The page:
58. The blue parseHTML bits at the bottom of those flames

    is Sizzle’s code for handling qSA() regex. It’s weird that we’re hitting it every single time. Digging deeper, this is actually due to a bug in Sizzle where setDocument is called and expensive processing is performed each time jQuery is used on a document that isn’t window. document. The jQuery team are exploring this at the time of publishing.
  59. Wikipedia ended up dropping their use of jQuery children():

  60. Advice Be careful with .children(). Also just use querySelectorAll() &

    DOM methods where you can.
  61. Another thing we noticed was the editor had a particularly

    gnarly DOM size. It was pretty huge across the board.
  62. Large DOM Node Count DOM size is an issue here

    > 14,000 Elements! Crazy.
  63. Advice Kill any superfluous spans/divs you don't absolutely need. When

    you have serious recalc style issues, try keeping your DOM element count under 1000 for more predictable performance.
  64. Act 2

  65. Next we’re going to jump into the JavaScript CPU profiler.

  66. None
  67. None
  68. This one method oo.copy() is doing a LOT of JS

    work. They actually used jQuery.html() quite a lot behind the scenes. Wikipedia are working on eliminating all their .html() calls, but we can look at just one instance of them fixing this up..
  69. None
  70. Advice Avoid $(elem).html(str) for DOM insertion, use innerHTML or DOM

    methods. They’re massively faster. Batch. Don’t stamp out HTML into DOM a ton of times. Just use innerHTML once.
  71. Let’s look at our CPU profile some more.

  72. None
  73. Crazy. createSurface() calls are taking a HUGE amount of time.

    1/3rd of our editor initialisation is spent here. We’ve also got some pretty hefty recalc styles for the method, taking > 100ms.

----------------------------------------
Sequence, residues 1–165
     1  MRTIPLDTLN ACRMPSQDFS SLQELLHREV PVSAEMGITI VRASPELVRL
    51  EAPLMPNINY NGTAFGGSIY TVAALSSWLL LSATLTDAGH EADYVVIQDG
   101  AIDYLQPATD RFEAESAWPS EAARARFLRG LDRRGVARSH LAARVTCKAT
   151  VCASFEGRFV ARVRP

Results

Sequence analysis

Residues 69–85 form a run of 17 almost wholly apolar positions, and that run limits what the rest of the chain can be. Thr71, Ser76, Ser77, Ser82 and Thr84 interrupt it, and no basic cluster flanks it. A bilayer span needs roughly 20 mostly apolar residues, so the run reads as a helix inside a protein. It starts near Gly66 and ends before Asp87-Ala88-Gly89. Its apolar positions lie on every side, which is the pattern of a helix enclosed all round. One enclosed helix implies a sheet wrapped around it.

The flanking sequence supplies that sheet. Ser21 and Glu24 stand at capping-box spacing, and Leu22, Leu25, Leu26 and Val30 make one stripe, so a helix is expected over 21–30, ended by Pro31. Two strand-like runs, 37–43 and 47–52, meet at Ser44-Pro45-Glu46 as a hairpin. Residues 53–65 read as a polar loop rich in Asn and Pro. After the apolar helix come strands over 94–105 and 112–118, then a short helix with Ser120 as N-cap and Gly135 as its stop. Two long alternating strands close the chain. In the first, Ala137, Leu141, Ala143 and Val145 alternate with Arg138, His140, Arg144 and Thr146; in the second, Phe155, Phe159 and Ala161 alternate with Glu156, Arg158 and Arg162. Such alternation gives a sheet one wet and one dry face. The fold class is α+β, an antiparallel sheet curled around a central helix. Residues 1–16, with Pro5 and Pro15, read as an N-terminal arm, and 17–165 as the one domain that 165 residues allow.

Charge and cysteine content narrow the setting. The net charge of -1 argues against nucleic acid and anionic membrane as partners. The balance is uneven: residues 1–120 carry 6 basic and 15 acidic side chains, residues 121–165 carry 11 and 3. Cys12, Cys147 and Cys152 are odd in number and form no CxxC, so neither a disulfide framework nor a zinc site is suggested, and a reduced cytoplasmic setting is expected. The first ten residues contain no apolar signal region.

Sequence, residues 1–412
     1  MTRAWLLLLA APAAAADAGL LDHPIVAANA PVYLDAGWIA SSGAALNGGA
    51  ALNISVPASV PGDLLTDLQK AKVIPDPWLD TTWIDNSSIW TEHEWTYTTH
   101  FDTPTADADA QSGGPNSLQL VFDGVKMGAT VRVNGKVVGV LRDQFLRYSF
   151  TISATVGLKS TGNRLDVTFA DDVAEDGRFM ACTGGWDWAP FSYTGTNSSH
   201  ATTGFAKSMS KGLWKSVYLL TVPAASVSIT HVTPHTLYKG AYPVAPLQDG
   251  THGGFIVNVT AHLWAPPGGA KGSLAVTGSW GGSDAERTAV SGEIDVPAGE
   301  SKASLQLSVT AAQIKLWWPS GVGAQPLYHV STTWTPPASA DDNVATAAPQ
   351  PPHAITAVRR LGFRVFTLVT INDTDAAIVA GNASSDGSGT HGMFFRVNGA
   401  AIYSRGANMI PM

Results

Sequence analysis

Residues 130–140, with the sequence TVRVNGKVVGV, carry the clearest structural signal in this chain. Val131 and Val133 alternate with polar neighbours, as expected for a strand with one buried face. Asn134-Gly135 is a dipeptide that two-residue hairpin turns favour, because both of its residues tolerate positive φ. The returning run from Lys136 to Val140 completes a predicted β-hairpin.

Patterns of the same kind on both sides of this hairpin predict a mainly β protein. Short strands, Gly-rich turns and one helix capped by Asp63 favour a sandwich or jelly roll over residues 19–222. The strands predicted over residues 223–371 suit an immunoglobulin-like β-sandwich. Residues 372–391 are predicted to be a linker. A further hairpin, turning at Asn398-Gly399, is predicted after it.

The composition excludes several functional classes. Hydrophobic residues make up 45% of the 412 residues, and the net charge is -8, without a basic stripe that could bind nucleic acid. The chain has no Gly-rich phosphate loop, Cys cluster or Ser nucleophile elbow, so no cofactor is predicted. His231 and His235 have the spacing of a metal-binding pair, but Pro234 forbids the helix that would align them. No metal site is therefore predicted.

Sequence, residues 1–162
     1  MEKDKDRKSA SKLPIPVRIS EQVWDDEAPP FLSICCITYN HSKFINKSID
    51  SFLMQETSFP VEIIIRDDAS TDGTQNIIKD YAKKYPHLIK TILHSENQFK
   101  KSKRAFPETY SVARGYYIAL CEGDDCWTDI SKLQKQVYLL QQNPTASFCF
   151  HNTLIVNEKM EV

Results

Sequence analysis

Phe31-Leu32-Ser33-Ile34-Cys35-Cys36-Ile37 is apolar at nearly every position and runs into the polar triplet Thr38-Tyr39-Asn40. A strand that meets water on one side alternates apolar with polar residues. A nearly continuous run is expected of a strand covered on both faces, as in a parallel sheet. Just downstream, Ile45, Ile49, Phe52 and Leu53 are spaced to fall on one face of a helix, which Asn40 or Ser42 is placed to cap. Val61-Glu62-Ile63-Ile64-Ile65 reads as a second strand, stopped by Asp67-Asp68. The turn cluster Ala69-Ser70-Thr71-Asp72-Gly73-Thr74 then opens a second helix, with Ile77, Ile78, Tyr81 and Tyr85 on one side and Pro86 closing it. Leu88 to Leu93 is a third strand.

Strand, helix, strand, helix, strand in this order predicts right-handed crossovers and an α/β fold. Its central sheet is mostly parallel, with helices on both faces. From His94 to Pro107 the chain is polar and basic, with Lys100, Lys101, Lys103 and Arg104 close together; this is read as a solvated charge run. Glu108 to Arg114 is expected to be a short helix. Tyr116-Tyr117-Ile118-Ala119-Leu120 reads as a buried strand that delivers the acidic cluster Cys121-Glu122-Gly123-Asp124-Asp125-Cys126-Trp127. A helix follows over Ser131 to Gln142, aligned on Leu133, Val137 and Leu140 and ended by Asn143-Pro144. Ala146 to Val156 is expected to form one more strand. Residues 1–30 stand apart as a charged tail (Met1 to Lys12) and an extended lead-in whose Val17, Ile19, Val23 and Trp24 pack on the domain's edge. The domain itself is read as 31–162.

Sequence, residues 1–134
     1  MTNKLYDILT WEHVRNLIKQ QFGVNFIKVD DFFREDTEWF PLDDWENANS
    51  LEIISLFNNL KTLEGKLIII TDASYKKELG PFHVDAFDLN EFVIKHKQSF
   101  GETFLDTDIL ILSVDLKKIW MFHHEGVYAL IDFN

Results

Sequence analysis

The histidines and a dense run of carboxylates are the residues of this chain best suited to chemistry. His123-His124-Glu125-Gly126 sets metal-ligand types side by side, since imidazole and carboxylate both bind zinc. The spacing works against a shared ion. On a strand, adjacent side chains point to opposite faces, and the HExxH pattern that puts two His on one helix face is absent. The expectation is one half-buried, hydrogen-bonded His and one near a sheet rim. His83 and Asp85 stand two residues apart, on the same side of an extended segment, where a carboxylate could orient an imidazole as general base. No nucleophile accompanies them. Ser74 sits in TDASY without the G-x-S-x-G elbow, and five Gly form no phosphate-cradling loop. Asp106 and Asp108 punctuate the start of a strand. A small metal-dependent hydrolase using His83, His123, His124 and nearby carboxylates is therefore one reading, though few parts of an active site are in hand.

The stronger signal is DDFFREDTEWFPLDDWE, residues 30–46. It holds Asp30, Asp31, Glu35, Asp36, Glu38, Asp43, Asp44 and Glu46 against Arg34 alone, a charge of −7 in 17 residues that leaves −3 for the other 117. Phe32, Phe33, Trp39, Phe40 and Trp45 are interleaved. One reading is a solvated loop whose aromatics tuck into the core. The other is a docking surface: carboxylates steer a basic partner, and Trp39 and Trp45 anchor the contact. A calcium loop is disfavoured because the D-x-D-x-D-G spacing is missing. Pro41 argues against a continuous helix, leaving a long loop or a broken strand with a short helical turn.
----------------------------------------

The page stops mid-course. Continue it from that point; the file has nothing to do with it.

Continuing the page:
74. None
  75. If you look at the source, they’re using the .css()

    method to set visibility and remove hidden classes.
  76. None
  77. This leads us to our largest bottleneck in the entire

    editor...
  78. Our largest bottleneck curCSS!

  79. It’s got the heaviest self-time stack of JS during editor

    load, coming from one jQuery curCSS call of ~319ms. Almost all of this work is coming from .hide() and .show(). In fact, this is littered throughout our traces.
  80. 100ms recalc styles. Lots of $(elem).hide(), $(elem).css(prop)

  81. If curCSS sounds familiar, it’s because you’ll see it when

    digging into the source for jQuery’s .css() method. If a computed value exists for an element, it’ll use curCSS to go and set your styles.
  82. None
  83. Wikipedia were very surprised when they learned .hide() was their

    biggest bottleneck. Their usage of it was pretty atypical for jQuery code.
  84. Their usage

  85. Unfortunately, there’s a lot more magic going on here. jQuery

    is calling getComputedStyle() before setting any inline styles for visibility. That isn’t a good call & is a good way to cause layout. They do it to support two edge-cases: display:none & inline styles that you might want to use with .show()/.hide(). jQuery are exploring optimisations for these issues at the time of publishing.
  86. Advice Don’t use .hide() for high performance visibility toggling. Use

    el.hidden = true/false or add/remove/toggle class.
  87. Act 3

  88. 140ms recalcs on .show/.hide() DevTools: State Of The Union More

    visibility toggling slowness Lots more jQuery.html(str) 300ms recalcs in $.fn.animate()
  89. Overall advice If you think it’s slow, profile it. I’m

    not saying don’t use jQuery. I’m saying understand how your abstractions work. Know where your bottlenecks are.
  90. Summary jQuery is not your friend for high-performance visibility toggling